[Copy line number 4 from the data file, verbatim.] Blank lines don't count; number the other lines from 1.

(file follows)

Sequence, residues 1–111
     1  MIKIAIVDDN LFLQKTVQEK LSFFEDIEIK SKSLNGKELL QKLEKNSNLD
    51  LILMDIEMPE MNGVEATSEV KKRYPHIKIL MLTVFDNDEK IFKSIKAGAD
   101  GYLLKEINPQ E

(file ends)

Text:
   101  GYLLKEINPQ E